A Day in the Life: a brief foray into political activism

What does politics have to do with existentialism? I’m glad you asked.

E V E R Y T H I N G

Politics in an outward expression of our personal moral philosophy. Your view of the world and the way you should live your life greatly informs your political views. I strongly feel that all aspects of one’s personality are connected, some connections are more obvious than others. The more connections I find between the various aspects of my personality… so more fascinated I am with the human condition. So come… be fascinated with me!

**The ideas expressed in this video are in no way meant to degrade or offend the views of others. If you are offended, I am sorry that I have offended you, but I stand by my words. This is, after all, America.**

I truly hope that something I have said reaches someone, anyone. Let me be clear, I am in no way naive enough to think that my voting for Gary Johnson will mean that the whole of our political system is going to change. Nor am I naive enough to think that Gary Johnson is going to win the 2012 Presidential election (I’m pretty sure Gary Johnson isn’t naive enough to think this either). I can’t even say for sure that Gary Johnson has a better answer than Barack Obama or Mitt Romney. But I can not, in good conscience, support a Democrat or Republican simply because they have a better chance of winning office. The only thing I can think of worse than voting for a mainstream presidential candidate that I do not have full faith in is not voting at all.

Food for Thought: Love and Respect

It’s been a while since I’ve posted. I’ve been pretty busy delving deep into the abyss that is business ethics. It has me curious at to who is reading publications such as The Journal of Business Ethics: businessmen or philosophers? My money is on the latter. And oh look I’m off topic already and I’ve barely started…

A N Y W A Y S . . .

I’m a big fan of Immanuel Kant. I’m not going to pretend that his ideas are the be all and end all of moral philosophy but they certainly do provide an excellent framework for determining how you should treat others. Whenever something has thrown me for a loop (ethically speaking), going back and reading Kant reminds me of how the world should be (providing it were all sunshine and daisies and everyone was required to study moral philosophy).  For those that are not familiar with Kant, allow me to introduce you to the Categorical Imperative. There are three formulations, but I just want to go over the first two. Ok now…

“Act only according to that maxim whereby you can at the same time will that it should become a universal law without contradiction.”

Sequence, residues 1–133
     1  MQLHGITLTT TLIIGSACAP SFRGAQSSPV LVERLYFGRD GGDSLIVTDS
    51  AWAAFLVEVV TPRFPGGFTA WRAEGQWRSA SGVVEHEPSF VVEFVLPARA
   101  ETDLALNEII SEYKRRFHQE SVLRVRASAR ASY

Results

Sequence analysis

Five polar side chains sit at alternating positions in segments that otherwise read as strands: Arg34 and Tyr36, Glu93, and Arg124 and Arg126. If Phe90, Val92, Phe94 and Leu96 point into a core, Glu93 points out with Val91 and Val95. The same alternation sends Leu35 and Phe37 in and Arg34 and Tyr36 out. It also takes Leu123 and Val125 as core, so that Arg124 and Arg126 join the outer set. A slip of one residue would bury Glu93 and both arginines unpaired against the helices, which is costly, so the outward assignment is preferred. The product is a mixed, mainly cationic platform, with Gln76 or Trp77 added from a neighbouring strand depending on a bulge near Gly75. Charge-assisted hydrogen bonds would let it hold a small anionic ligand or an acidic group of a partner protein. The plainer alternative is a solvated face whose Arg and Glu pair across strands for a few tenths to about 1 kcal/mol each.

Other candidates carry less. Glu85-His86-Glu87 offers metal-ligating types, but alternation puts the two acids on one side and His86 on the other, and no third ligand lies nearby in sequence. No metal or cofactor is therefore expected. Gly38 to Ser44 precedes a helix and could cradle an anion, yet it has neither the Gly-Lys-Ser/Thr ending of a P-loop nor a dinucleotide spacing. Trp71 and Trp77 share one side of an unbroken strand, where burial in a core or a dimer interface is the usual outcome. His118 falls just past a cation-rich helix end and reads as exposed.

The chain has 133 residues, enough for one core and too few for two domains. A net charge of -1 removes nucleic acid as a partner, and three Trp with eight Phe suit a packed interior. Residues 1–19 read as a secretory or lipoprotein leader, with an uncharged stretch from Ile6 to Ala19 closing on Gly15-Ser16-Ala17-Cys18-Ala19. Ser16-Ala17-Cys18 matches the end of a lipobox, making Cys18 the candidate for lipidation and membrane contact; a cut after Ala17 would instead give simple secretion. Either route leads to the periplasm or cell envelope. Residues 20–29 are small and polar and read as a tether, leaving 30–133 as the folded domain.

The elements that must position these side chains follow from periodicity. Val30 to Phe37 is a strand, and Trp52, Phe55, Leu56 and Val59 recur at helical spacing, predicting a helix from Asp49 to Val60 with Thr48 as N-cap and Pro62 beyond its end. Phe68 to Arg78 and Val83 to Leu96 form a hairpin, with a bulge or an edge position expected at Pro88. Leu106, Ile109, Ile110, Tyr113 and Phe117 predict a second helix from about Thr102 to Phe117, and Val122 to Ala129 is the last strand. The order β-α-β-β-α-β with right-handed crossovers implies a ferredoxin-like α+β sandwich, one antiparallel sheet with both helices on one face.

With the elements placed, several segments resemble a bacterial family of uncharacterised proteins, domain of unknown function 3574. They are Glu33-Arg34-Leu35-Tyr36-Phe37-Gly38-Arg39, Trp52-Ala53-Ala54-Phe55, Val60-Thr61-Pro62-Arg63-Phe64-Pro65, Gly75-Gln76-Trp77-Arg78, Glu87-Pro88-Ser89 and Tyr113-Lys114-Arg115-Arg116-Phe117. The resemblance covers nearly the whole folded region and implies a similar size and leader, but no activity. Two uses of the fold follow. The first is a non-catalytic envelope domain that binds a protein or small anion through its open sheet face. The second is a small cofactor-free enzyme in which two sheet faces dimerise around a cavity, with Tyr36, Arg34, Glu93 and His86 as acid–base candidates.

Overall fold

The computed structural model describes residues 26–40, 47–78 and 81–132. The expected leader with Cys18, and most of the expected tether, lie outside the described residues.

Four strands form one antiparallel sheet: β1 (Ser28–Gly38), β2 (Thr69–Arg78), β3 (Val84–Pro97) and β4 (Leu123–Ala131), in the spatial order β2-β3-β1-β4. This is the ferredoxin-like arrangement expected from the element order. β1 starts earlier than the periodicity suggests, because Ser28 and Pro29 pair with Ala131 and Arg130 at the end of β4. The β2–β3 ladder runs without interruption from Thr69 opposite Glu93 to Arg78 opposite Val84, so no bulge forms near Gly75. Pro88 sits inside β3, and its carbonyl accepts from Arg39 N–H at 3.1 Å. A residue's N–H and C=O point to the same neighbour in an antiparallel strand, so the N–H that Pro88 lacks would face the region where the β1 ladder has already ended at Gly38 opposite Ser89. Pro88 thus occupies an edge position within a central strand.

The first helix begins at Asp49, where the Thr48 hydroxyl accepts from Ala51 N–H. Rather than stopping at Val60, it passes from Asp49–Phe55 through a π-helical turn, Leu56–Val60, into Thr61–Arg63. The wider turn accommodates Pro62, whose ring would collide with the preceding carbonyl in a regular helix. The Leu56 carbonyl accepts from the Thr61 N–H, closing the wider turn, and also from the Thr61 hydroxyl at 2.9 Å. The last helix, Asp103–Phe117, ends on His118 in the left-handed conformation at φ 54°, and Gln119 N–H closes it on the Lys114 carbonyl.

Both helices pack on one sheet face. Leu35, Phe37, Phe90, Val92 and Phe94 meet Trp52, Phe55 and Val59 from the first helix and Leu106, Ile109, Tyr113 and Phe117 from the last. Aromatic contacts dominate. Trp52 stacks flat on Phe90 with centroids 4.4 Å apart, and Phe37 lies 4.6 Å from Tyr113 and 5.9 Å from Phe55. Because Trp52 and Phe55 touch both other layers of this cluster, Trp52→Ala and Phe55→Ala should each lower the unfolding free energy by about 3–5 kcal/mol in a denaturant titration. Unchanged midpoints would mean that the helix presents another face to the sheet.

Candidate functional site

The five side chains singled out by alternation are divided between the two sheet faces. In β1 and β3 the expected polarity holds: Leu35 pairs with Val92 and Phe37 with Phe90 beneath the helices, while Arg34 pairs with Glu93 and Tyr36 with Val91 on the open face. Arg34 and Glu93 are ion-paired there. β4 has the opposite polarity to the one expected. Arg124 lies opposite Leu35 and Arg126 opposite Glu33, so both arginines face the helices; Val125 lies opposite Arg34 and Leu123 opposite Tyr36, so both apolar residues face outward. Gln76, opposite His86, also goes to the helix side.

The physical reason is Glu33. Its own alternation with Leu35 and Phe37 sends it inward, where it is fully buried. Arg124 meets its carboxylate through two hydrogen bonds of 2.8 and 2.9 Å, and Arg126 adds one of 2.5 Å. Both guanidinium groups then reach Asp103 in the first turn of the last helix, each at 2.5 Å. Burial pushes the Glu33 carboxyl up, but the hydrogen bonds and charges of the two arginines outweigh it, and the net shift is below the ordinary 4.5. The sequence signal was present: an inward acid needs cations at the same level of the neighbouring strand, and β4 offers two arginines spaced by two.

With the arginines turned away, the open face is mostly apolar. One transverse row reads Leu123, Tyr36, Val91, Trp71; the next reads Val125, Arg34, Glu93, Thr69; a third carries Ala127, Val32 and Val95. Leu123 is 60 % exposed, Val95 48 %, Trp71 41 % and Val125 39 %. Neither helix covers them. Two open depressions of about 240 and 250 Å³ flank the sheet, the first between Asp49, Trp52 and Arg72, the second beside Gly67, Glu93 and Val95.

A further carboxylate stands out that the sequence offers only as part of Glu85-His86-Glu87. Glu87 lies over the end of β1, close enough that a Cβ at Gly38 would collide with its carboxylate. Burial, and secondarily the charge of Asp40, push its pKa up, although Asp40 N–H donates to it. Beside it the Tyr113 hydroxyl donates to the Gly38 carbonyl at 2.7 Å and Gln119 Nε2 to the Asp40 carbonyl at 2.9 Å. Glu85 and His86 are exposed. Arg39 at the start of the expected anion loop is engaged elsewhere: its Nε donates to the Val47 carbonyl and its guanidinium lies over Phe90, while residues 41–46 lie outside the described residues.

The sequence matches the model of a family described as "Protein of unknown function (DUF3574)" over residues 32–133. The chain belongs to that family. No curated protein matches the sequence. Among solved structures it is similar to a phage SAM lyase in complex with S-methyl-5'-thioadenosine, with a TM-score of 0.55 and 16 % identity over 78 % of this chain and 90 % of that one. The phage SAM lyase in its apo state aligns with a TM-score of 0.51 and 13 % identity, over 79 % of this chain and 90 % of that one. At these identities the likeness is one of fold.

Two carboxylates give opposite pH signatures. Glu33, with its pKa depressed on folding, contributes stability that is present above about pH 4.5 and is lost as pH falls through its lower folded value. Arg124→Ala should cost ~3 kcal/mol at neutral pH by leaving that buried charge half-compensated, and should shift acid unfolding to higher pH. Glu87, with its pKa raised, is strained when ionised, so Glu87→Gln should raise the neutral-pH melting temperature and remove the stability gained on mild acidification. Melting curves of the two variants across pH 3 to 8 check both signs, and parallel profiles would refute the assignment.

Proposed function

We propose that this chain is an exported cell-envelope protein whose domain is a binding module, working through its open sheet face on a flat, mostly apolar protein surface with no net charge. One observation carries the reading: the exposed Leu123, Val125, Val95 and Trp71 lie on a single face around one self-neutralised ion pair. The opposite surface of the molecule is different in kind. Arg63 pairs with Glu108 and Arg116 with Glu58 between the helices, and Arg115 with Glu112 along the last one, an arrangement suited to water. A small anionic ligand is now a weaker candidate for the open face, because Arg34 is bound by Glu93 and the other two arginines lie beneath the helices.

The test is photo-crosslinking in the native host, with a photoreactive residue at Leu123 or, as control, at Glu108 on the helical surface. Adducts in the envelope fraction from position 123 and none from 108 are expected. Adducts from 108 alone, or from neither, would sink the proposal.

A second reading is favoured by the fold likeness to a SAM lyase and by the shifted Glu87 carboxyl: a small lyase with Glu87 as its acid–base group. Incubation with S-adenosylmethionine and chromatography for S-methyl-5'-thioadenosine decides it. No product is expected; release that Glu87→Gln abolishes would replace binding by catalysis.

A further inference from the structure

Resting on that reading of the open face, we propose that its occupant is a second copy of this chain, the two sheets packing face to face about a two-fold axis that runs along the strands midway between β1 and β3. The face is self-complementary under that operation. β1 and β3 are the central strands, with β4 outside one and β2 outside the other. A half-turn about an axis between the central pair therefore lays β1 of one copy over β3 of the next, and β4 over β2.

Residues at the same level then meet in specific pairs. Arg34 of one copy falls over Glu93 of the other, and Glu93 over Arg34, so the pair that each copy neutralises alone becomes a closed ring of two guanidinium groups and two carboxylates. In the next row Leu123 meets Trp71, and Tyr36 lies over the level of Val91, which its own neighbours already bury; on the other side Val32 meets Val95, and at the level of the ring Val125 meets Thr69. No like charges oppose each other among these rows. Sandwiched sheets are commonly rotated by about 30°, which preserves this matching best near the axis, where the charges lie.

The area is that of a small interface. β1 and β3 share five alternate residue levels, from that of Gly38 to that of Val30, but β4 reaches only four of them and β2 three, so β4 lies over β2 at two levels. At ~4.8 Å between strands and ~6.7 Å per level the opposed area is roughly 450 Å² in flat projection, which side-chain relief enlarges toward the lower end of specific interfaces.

In simplespeak this means don’t do things unless you think it should be ok for everyone to do it.

“Act in such a way that you treat humanity, whether in your own person or in the person of any other, never merely as a means to an end, but always at the same time as an end.”

In simplespeak this means don’t use people.

The idea of treating others as ends rather than means has many implications in everyday life, but for Kant it is not enough to simply not treat one as a means. It is a twofold process. To be indifferent to someone means that you are not treating them as a means, but you are also not treating them as an end. For Kant we are morally responsibly for treating ALL people as ends. What this means is that we should find ways to promote the positive and negative freedom of individuals and be concerned for their physical and moral well being.

I am currently in the process of doing research for a paper applying Kantian ethics to corporate employee relations (fun right… I think so). So far a lot of what I have read relies heavily on this second formulation of the categorical imperative, and there was a citation from an article by Ornora O’Neill that really caught my eye in regards to how it relates to everyday life. Simply put O’Neill said that benevolence (and in turn-morality) creates a tension between love and respect. We are morally compelled to care about the well-being and happiness of others (love), but we should not go so far as to assume we know what is best for them and force our ideas of happiness upon them. Rather, we should allow them the autonomy and independence to seek out their own happiness (respect) (providing they are acting as moral agents).

I bring all this up because I feel that I see a lot of “you should do this” “you shouldn’t do that” “I think that’s wrong so you are wrong” in today’s society. In a country so deeply divided on every. single. issue. this doesn’t come as a surprise. I think that part of the problem is that we have had the “love” part drilled into our brains so much that it has stymied the “respect”. We are so self-interested and concerned with our own way of life that we fail to see the merit in ways that differ. This is not to say that we should tolerate morally reprehensible behavior in the vein of respect for individual autonomy, but we should recognize that we are all of different paths with varying experiences, purposes, capital, beliefs, etc. And to assume that there is only one way to properly live life is…for lack of a better word (and for minimal shock value) arrogant. What we should strive for as rational, moral people is a minimal level of physical and moral welfare for EVERYONE regardless of any differences among us.

In an effort to practice what I preach I will say that I am not telling you that you NEED to do this, I am merely opening your eyes to a different way of moral thinking. Take it or leave it.

 

*If you are interested, this is the citation for the article I was reading today…*

Bowie, N. E. (1998). A Kantian Theory of Meaningful Work. Journal Of Business Ethics17(9/10), 1083-1092.